An emotive loyalty framework for fast moving consumer goods

Publication Type:
Thesis
Issue Date:
2009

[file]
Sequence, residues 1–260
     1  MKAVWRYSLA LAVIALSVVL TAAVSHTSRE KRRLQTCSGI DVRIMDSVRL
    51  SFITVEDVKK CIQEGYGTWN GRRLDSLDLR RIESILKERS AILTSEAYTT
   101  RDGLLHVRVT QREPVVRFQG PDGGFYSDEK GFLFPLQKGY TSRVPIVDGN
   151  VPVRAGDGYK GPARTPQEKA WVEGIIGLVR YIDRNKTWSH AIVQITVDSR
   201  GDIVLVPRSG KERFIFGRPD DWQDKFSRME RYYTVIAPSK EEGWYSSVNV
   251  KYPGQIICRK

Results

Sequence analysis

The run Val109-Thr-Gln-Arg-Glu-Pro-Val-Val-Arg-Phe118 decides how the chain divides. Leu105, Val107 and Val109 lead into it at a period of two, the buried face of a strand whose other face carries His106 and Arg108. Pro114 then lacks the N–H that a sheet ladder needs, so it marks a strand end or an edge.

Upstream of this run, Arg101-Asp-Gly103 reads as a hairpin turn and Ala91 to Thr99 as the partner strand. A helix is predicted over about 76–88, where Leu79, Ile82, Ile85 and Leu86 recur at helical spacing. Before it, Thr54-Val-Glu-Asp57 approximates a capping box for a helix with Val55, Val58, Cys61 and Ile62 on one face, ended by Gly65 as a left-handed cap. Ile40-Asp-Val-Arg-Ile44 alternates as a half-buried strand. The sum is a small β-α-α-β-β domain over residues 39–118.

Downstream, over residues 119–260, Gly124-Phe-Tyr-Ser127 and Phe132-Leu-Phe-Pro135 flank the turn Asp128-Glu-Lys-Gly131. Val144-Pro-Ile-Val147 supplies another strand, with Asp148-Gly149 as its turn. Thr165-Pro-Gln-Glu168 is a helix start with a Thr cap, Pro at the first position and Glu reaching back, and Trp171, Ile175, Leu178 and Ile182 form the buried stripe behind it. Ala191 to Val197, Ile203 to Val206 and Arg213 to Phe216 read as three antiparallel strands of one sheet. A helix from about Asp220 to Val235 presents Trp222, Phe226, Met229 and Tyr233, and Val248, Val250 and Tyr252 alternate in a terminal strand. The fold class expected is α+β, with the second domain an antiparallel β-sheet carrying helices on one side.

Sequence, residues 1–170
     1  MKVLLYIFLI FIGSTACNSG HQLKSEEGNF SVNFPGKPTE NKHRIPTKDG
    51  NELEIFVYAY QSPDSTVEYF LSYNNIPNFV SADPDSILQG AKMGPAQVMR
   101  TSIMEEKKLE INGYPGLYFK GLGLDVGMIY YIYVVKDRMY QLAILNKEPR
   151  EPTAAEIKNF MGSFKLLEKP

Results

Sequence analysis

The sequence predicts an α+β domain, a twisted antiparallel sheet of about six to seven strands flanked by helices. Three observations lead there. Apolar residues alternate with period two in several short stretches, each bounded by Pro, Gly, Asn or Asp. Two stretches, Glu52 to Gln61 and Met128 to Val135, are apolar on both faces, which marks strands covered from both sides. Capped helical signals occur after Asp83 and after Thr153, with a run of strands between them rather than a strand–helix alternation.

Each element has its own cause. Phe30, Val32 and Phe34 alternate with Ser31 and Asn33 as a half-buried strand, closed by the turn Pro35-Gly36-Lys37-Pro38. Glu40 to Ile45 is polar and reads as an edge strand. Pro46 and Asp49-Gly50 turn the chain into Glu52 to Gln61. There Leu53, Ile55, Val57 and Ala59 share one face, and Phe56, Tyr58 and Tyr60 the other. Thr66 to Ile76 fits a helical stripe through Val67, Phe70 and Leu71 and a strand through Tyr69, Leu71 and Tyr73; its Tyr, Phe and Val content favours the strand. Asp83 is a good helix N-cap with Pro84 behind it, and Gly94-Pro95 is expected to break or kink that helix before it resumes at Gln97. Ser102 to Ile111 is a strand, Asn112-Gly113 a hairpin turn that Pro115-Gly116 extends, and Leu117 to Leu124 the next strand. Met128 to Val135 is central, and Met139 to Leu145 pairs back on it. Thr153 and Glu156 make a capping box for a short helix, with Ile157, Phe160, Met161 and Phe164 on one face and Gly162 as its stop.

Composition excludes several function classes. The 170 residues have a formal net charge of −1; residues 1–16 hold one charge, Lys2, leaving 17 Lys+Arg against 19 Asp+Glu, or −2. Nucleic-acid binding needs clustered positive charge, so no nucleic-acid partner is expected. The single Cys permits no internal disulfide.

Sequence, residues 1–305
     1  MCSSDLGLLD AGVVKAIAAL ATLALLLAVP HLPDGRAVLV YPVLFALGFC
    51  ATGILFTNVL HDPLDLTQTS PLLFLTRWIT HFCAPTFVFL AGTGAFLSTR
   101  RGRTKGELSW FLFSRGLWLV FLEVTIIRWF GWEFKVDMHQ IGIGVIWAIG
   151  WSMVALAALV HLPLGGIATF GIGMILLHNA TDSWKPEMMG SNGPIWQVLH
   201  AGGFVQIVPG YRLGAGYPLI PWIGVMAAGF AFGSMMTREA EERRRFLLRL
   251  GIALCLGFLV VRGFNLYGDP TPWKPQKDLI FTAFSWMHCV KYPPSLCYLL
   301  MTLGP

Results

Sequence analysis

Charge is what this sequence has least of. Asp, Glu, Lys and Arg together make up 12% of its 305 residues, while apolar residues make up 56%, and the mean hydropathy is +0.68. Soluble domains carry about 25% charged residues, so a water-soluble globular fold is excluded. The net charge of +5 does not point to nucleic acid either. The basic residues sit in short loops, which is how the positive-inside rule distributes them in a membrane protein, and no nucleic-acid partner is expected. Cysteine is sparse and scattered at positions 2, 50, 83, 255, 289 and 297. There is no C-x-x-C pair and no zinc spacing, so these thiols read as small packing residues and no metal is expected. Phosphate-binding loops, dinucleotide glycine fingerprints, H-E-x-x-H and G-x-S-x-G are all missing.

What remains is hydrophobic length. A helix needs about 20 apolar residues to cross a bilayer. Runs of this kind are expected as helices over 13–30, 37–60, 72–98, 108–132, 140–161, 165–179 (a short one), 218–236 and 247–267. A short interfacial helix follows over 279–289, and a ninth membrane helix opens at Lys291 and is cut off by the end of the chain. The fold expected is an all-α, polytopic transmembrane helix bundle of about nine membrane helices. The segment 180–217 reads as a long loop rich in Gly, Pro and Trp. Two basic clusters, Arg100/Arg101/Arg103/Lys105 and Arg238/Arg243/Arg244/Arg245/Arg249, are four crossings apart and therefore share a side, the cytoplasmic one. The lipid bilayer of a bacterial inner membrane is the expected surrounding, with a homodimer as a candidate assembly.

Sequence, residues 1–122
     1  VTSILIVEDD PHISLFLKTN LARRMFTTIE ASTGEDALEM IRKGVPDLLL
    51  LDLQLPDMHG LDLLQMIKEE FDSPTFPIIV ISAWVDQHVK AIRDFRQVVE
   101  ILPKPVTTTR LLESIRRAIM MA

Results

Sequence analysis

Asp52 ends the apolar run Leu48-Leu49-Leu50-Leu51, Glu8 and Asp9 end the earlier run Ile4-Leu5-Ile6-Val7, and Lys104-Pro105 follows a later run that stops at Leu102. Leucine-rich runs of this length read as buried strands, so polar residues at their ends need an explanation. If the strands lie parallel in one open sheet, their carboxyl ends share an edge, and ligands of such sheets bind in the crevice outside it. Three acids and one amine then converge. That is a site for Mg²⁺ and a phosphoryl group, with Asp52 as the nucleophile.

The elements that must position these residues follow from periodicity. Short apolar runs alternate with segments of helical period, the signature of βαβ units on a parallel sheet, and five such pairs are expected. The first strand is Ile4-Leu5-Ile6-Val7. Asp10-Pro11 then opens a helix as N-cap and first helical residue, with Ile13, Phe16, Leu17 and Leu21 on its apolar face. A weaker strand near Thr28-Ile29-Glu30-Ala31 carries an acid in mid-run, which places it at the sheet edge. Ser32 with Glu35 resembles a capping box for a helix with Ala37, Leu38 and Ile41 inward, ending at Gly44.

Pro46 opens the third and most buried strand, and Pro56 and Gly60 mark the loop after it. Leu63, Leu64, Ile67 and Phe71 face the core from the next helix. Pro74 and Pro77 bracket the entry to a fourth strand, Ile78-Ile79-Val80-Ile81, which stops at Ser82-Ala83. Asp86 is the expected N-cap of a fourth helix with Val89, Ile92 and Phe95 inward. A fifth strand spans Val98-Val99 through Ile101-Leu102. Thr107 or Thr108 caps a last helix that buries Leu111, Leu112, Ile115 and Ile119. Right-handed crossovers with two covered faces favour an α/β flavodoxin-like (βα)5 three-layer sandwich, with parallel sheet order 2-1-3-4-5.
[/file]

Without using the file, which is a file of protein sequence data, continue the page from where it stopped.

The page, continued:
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NO FULL TEXT AVAILABLE. Access is restricted indefinitely. ----- It has been suggested that when consumers undertake shopping activities it involves more than just the attainment of goods. They also engage in a combination of utilitarian, rational consumer choices and hedonic, pleasure- seeking consequences. This research is seeking to understand if consumers are influenced by how they ‘feel’ about a grocery brand, and if so, how these feelings act and interact with rational decision making. This requires consideration of emotions and their roles in consumer purchasing and the construction of brand loyalty but in this case, emphasis is placed on fast moving consumer goods (FMCG). This particular industry was chosen because of the perception that due to the large number of choices available and low switching costs; brand loyalty and consumer-brand relationships would not exist. With the number of grocery products heading towards twenty thousand per supermarket, it is suggested that what was once a relatively simple decision process has now become more challenging for the consumer. This leads to the suggestion that too much choice motivates consumers to rely more on their internal reference sources. This study will seek to uncover what and how these inner drivers motivate the consumer to select a grocery brand. It is not primarily concerned with confirming the presence of emotions in brand interactions or the details of brand loyalty. Instead, the research purpose is to determine the role emotions play in grocery purchasing which can subsequently be outlined in a framework for further understanding in future research. This moves the emphasis away from how marketing strategy can manipulate consumer behaviour and more onto understanding how consumers perceive their brand relationships. Using a combination of mostly qualitative research techniques: a focus group, video observation and depth interviews; the results reveal that consumers have a repertoire of grocery brands which are moderated by different levels of emotive brand loyalty. These moderating variables include tangible aspects such as price, perceived quality and availability and intangible factors such as trust, memory, and brand familiarity. Whilst the study of emotions within the marketing environment is not a new initiative, moving it away from the service environment or the manipulation of external influences and concentrating on the consumer perspective provides substantial research possibilities. Ideally, this research can be expanded to identify a connection between market performance, consumer devotion to grocery brands via emotive loyalty and how this notion of emotional bonding is linked between brands within the consumer repertoire. The nature of the methodologies applied and the order in which they are applied will reveal an emerging pattern supporting this supposition.
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